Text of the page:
Monday, September 15, 2008

Small Groups - What are they good for?

What is the purpose of small groups? How good are they at actually building disciples? If not, what is? Are they best suited for connecting people to God, to each other, or both?

This week I read an extremely thought provoking post by Bill Reichart called "Should you put small groups out of their misery?" Bill was discussing a post by Brian Jones with an even stronger title: "Why churches should euthanize their small groups". The original post by Brian doesn't seem to be online any more, although you can find on other blogs discussion of that post and related posts. Brian Jones is a big proponent of discipleship, of the mission of the church to make disciples, and is respectful of those who have tried hard to make small groups work. He just thinks that small groups are terrible at making disciples and don't work.
Small groups are things that trick us into believing we’re serious about making disciples. The problem is 90% of small groups never produce one single disciple, ever. They help Christians make shallow friendships for sure. They’re great at helping Christians feel a tenuous connection to their local church. And they do a bang-up job of teaching Christians how to act like other Christians in the evangelical Christian subculture. But when it comes to creating the kind of holistic disciples Jesus envisioned, the jury’s decision came back a long time ago – small groups just aren't working.
Bill Reichart of Vine Community Church finds some points in common, agreeing that they don't do a very good job of developing disciples. Indeed they are still committed to small groups but have altered their expectations. He thinks they are a doorway into connection and relationship within the church, a catalyst for service into the community, and an excellent fishing pond from which discipleship can be birthed. What instead? "Intentional and relational driven discipleship must be happening throughout the DNA of the church in order for people to grow."

Wow... food for thought! Let me be clear - I'm a huge proponent of small groups. They have been such a huge blessing for me and I've seen tremendous life-change and discipleship occur that I can't imagine not being in a small group. I'm also a (new) small groups coach and am trying to help other small group leaders get a handle on helping others become fully devoted followers of Christ. These two articles raise a number of great questions, more than I can address in this post. (Though I will come back to the question of discipleship soon.)  I asked my small group for their reaction to Jones' article. Here's what came up...
  • Small groups are definitely of great value to us
  • The fellowship and relationships formed in small groups are a big factor
  • Discussions among those serious about their faith are challenging and helpful
  • They help new people in a church connect in a powerful way
  • We really enjoy serving together as a group, within both church and community
  • Each of us have had rough spots in our lives where a small group was there for us
  • What do people think work better for building disciples if not small groups? 
Some questions to think about:  How to best build disciples? What does it actually mean to be a disciple? Are people referring to discipleship as a purpose (spiritual growth, becoming Christ-like) or as a journey for the whole person encompassing mission, ministry and all that God has called us to be? Is the immediate goal of a small group connection, friendship, intimacy, or discipleship?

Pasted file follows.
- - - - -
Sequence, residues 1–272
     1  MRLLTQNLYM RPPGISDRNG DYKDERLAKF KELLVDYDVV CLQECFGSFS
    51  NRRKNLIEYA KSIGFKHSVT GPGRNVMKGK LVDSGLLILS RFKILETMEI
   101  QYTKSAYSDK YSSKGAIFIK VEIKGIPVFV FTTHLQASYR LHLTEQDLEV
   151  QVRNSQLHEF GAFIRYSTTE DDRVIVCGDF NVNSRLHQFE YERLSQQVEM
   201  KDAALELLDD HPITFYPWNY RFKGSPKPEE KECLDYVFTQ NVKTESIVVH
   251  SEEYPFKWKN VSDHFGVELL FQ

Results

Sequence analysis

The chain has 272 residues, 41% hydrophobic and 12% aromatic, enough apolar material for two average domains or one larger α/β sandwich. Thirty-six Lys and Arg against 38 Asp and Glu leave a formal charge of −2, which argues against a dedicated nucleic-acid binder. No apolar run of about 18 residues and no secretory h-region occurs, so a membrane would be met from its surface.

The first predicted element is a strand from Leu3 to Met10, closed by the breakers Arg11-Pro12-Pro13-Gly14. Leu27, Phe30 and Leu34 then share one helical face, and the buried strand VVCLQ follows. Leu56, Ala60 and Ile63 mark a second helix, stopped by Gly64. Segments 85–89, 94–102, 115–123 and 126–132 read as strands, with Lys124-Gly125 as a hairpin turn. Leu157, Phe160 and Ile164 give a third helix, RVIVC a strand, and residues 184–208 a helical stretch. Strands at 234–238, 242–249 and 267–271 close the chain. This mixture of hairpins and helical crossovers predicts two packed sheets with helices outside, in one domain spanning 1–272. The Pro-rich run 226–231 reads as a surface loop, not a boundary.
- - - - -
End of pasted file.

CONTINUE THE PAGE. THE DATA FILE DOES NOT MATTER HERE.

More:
Any thoughts? Small groups - what are they good for?


GmaMcQuilter said...


I think the proponent of getting rid of small groups is ignoring one key thing. The calling, skill and dedication of the small group leader have everything to do with how the group grows, matures, transforms and serves. If the leader is inadequate (lack of training, lack of preparation, lack of Christ centered spiritual growth disciplines), the program will be inadequate to the needs and challenges of the members of the group.

Not having read the book, but based on your review of it, his argument could be used to close half the churches in America because the pastors are not challenging the people to grow in discipleship and the fruits.

A good small group should be balanced between Bible teaching (and application steps of growing into fully devoted followers of Christ) and practicing Christian community (developing relationships within the Body of Christ).

Done in the right mix would enhance the other disciple-growing activities within the local church and create a powerful Christ-driven church of believers whose enthusiasm would impact the community and workplaces of each member.

The entire scenario though must start with the pastor's view of Christ, his mission and how that relates to the pastor's responsibility to build disciples through the church he shepherds. If the pastor fails to realize his crucial role in this scenario, even the best small group leaders will be handicapped in their efforts. The pastor must build and maintain a "disciple growing" focus so the members of the church know his expectations and are asking the question, "Okay, so how do I become a disciple?" This allows the small group leader to focus and support in a team minded approach.

Larry Baxter said...

Linda - excellent comments! You're right in that the SHAPE of the small group leader, the expectations put on them, and the support and direction they get has a huge impact on the direction and effectiveness of the group. And that in turn depends a lot on the pastor and the church's view on discipleship, ministry and mission.

Thanks for your feedback! -- Larry